“I finished middle school, grade 8. My parents couldn’t afford to send me to high school, but Master Ayub said I must,” Nawaz said. “He paid for my textbooks and my exam registration fee, and in return, I taught here at the school. I then taught elsewhere as well.”

Despite the clear return on this investment and Pakistan’s pledge to spend at least 4 percent of its GDP on education, that figure has been decreasing. Education spending today stands at less than 1.5 percent of Pakistan’s GDP, according PETF (Page 67).
-------------
There is the issue of governance, there are no accountability mechanisms. For example, even if you do have sufficient teachers - which we don’t - if they are not in school, it is not possible to achieve anything.”

The LEAPS (Learning and Educational Achievement in Pakistan Schools) project and PETF estimate that teachers in government schools, despite being paid more than their private sector counterparts and having greater job security, are not present one-fifth of the time. Government school teachers often use political connections and union action to protect themselves.

“Even if a senior officer reports a teacher that is not performing or not even attending school, it is very difficult to take action because they will involve the unions or go to an MNA [member of the National Assembly],” said Zafar.

“Even if you get that [teacher accountability], the quality of education, of textbooks, is an issue. So all of this needs to be considered, not just what is spent on education, but how.”


http://www.irinnews.org/Report/96497/PAKISTAN-Quality-education-still-a-long-way-off

October 9, 2012 at 2:16 PM  
Blogger Riaz Haq said...

Here's a piece on Shehzad Roy's "Chal Parha" GeoTV series to improve education in Pakistan:

Last month, well-known Pakistani pop star, Shehzad Roy made an appearance at Harvard to talk about music, activism and his new documentary series, Chal Parha (Urdu for: Come, Teach), which highlights the extensive issues plaguing Pakistan’s education system.

Having visited over 200 schools across the country, in an interview with DAWN, Roy stated: “In each episode we highlight an issue from public schools, for example, corporal punishment, medium of instruction, population, textbooks, curriculum, teachers.”

He added, “I want to share the lessons that we have learnt; both good and ugly. We want people to know the obstacles standing in the way of improving the structure of education in government schools while also highlighting the remarkable individuals committed to the teaching profession. These people prove the power of individual efforts.”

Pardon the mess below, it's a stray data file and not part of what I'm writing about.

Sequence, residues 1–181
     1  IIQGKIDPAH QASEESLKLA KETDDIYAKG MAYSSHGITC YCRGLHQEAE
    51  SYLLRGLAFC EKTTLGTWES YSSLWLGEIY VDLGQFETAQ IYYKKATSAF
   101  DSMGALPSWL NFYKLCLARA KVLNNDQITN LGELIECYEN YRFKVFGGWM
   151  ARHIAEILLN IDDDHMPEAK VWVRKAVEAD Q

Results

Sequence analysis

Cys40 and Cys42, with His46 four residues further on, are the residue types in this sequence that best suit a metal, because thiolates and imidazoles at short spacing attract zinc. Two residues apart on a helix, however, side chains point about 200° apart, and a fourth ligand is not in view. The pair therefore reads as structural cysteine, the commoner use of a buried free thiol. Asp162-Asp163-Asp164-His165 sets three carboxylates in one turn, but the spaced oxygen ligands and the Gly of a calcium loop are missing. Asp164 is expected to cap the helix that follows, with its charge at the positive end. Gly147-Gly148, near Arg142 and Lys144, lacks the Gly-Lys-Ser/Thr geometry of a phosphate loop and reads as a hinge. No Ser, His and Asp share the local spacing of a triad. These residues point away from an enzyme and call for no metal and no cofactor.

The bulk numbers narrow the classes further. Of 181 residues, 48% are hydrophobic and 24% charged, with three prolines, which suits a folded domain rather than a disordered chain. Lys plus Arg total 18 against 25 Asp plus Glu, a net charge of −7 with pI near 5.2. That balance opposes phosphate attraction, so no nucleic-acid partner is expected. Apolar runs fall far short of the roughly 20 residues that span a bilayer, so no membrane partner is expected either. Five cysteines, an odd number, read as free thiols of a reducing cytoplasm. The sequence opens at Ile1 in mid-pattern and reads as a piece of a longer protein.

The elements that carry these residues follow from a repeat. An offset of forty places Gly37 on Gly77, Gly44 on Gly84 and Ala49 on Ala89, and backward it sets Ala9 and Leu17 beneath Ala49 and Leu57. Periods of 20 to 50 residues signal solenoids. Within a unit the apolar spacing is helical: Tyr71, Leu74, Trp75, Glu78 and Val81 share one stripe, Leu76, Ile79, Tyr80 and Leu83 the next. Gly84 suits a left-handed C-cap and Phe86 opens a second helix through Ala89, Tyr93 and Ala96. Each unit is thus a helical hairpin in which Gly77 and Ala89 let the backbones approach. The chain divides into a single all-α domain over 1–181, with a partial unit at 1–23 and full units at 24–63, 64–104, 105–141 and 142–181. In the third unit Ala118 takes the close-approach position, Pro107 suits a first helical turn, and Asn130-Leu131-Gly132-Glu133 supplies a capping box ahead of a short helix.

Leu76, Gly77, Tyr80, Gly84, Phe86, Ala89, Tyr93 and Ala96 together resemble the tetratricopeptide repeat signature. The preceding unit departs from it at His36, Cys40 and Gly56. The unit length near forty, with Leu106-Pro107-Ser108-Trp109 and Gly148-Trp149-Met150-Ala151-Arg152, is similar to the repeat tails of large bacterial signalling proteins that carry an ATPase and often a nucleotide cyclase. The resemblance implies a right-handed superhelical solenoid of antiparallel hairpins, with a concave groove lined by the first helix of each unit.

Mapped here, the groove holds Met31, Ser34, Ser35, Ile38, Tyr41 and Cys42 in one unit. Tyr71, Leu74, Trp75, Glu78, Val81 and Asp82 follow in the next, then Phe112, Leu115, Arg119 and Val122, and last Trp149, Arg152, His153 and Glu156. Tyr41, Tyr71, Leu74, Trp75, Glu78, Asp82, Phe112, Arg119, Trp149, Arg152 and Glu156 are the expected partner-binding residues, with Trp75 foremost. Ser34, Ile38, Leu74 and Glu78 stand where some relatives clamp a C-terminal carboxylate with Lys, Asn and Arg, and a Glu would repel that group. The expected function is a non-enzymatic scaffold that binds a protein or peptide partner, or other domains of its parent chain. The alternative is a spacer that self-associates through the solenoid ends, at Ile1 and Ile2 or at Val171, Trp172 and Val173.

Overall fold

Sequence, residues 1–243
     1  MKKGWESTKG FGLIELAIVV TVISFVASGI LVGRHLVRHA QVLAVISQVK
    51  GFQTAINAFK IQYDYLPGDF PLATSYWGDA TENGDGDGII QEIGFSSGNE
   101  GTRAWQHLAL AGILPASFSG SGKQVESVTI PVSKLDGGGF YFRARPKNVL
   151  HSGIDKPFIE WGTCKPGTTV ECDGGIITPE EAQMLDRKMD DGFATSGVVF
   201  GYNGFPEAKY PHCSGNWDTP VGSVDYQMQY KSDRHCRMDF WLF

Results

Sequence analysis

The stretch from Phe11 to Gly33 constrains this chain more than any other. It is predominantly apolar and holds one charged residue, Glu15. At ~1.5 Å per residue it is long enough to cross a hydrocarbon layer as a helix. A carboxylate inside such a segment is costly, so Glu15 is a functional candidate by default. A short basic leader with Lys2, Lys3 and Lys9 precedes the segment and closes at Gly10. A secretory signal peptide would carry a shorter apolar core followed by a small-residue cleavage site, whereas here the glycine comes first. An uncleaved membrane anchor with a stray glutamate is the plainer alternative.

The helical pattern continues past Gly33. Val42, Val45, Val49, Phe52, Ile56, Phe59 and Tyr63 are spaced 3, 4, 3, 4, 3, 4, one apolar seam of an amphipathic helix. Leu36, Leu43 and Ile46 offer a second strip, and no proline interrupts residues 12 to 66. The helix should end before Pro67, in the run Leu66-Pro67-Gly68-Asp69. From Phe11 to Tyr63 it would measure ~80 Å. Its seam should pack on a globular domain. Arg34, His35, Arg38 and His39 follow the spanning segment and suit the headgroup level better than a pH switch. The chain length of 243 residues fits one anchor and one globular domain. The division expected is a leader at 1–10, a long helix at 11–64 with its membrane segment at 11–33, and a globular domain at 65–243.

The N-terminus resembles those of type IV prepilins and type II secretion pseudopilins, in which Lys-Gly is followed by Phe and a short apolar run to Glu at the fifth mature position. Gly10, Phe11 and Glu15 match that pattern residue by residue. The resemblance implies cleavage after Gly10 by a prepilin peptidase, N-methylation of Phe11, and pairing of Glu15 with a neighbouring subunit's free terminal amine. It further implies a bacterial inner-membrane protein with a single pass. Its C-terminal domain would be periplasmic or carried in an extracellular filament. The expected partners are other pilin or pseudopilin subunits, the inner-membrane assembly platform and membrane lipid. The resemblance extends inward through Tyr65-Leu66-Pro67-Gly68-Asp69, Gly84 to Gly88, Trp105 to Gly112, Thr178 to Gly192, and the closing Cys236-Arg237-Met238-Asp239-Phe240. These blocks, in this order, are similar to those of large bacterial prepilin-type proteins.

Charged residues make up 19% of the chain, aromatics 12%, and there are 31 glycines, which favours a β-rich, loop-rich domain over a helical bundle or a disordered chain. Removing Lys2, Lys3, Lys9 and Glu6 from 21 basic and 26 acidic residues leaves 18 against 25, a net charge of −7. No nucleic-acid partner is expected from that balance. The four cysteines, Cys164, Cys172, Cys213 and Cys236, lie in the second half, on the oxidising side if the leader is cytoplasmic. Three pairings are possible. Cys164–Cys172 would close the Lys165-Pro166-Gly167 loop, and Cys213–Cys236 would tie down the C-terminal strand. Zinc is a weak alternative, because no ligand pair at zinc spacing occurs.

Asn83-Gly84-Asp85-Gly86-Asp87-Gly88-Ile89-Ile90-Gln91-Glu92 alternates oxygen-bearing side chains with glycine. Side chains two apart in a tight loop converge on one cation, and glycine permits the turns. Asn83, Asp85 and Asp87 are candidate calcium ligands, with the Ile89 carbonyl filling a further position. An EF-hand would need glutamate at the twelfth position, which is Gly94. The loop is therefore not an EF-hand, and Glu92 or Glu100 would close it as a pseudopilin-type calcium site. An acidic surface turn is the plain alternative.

Broadcast on a local television channel, GEO TV, the show has gained immense popularity, fast making an impact in a country where, according to the non-profit Alif Ailaan, the government spends just 2.4 percent of its national GDP on education and where just over half of children enroll in primary school.

Mariam Chughtai, the founder of Harvard’s Pakistan Student Group told The Diplomat that the singer was invited primarily because the student group “is committed to changing the discourse on Pakistan at Harvard from one of terrorism and challenges, to that of resilience, art and social change.”

“[Roy] embodied for us an activist who is using music to make an impact on the ground, which is why his discussants, Professor Ali Asani and I were able to have a conversation with him in light of how artists have historically played a key role in keeping governments and rulers accountable,” Chughtai said.

“Roy himself spoke of the main learnings he has had in his journey of Chal Parha, including clippings from his show which illustrated these learnings. They represented both strengths and weaknesses of society in being ready for change on education.”

Alongside his music career, which, over the past couple of years, has veered sharply into the direction of socio-political commentary, Roy has managed to rather successfully integrate both his music and humanitarian work
----------
Roy told Dawn, “We have installed thumb-printing attendance machines in the five provinces to bring transparency to the issue of teacher absenteeism. We are now collecting this data and are happy to report that teacher attendance has increased considerably in these schools. Similarly, in the episode on corporal punishment, we are proposing a law banning physical abuse in schools and we plan to diligently pursue this issue in the media.”
....


http://thediplomat.com/the-pulse/2013/05/16/shehzad-roy-fighting-for-change-in-pakistani-education/

May 16, 2013 at 10:59 AM